It’s pretty safe to say that the majority of faith-based schools across the country have welcomed students into the classroom or, perhaps, the virtual classroom, to begin the 2020-2021 school year. And isn’t it an interesting time. Remember all those families that asked the “What if we don’t have a computer” over the past decade? Perhaps these past 6 months provides a reason why the best time to prepare is when you don’t need to take action. With that in mind, NOW is the time to start planning for the 2021-2022 school year!
However, you’re still going to get parents that are interested in enrolling their children in your school for the current term. When I worked for an office that coordinated 20 elementary schools, this is the time of year I’d get phone calls from parents who wanted to enroll their child, but was told by office personnel at the school they would have to pay the full cost of tuition since there were no financial aid funds left. If that conversation still happens at your school today, that means that your school is full to the gills with children, and you have waiting lists for each grade.
Enrollment can only grow if children are enrolled. How can you increase enrollment if children are being turned away? Even if you have “no aid” left to give, a new child enrolling into the school is “found” revenue. This may require a change in thinking, shifting from a “financial aid” mindset to a “revenue stream” mindset.
Here are a couple of scenarios to illustrate:
Scenario 1: “There is no more aid” – While this may be true, stating this to just one parent will eventually cause your enrollment “funnel” to shut down since parents talk to parents. Instead, look at it this way. Johnny Smith’s parents has “0” ability to pay as reported by your financial aid assessment partner, yet his parents are willing to pay $1000. If you enroll the child, that’s $1000 that you didn’t have before he walked in the door. Next year, he becomes part of the financial aid process, and then can be awarded “real” aid dollars. Turn the student away in September and you’re defeating the whole purpose of building enrollment for your school.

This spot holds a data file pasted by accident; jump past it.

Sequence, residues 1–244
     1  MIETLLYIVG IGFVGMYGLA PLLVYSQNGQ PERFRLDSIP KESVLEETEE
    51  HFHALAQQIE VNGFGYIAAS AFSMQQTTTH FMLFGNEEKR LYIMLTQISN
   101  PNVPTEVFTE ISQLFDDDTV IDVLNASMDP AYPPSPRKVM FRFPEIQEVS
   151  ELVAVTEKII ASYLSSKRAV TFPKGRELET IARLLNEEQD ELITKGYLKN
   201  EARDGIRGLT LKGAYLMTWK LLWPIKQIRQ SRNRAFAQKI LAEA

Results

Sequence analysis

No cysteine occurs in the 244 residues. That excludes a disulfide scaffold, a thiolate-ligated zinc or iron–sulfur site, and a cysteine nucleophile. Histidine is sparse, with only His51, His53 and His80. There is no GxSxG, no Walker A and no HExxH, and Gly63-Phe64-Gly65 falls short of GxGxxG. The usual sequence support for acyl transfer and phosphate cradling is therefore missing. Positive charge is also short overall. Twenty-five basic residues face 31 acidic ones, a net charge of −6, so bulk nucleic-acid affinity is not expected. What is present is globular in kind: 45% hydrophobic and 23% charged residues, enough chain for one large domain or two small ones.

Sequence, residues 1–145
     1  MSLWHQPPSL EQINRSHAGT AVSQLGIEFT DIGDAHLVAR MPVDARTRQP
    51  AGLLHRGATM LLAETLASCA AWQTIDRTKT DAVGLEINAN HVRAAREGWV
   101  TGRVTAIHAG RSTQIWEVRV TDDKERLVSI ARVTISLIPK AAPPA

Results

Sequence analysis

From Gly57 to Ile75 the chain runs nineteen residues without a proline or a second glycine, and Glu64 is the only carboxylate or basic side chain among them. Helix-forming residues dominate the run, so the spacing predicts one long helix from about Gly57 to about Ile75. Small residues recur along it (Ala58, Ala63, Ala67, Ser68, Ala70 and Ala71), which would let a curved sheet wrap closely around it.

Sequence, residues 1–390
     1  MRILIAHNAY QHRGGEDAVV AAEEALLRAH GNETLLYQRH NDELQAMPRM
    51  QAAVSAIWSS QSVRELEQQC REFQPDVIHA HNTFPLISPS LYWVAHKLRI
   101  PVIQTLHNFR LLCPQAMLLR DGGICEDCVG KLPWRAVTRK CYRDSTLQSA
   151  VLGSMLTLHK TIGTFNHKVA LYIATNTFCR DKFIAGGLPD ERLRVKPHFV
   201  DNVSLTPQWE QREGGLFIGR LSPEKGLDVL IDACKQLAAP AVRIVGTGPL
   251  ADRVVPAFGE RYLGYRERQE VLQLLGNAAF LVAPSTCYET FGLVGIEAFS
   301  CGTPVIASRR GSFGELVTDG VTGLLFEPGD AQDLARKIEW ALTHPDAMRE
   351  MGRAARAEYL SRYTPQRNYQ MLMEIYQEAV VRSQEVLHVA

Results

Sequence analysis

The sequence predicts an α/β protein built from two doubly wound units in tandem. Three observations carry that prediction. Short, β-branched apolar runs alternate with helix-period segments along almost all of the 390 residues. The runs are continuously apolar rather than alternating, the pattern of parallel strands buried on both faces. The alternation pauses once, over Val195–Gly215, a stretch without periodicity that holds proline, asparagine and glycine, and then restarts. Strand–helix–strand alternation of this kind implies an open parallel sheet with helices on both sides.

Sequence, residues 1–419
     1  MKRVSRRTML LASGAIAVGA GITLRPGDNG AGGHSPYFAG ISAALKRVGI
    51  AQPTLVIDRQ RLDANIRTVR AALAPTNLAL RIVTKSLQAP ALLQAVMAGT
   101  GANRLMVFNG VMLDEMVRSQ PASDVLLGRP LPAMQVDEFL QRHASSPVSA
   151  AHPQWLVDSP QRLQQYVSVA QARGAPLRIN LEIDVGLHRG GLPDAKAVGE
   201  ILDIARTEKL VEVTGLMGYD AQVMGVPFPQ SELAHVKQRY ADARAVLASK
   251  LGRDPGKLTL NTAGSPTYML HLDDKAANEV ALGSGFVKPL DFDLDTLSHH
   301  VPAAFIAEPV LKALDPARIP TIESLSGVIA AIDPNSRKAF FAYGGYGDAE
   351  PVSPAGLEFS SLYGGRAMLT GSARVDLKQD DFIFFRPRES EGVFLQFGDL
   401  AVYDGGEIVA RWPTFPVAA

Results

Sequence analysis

WARNING: Once again, this is for NEW students – they might have moved here from another state, transferred by a company so that a parent can start a new job (and there may be a LOT of that going on right now), other families who may be moving in with the grandparents, etc. This action for current students will send the wrong message to current parents; that is, that they can apply for aid at any time, and the “deadline” for aid doesn’t matter because you can simply reduce the tuition they pay. Returning students applying after the enrollment deadline should be awarded aid on a first-come first-served basis with whatever aid is remaining. Those who choose not to apply for aid are obviously risking the consequence of paying the full amount because they are familiar with and aware of your tuition policies.
Caveat 1) Don’t count your full pay families until they’re hatched – ESPECIALLY in our current economic climate! Your full pays from last year may turn into aid applicants, and upfront payers may become monthly payers. To be fair, even thought they are “returning parents,” DO allow them to apply for aid just as you would a new parent, since, in reality, they are new to the aid process. However, if they were part of your school community in the previous school year, and you’re counting them as a full pay simply because they have registered and have not filled out a financial aid application, you are doing your school a disservice. Full-pay families who are not re-enrolled a week prior to the enrollment deadline should send up some red flags. They may be considering withdrawing their child; they may be too proud to apply for financial aid because they have been full-pay families for a number of years; or they may be experiencing some type of economic hardship that they’re trying to deal with. CALL THEM! Let them know they are important to your school! To not reach out to them sends the message that it’s all about the money – which is the worst message to send into the marketplace when you’re a faith-based school.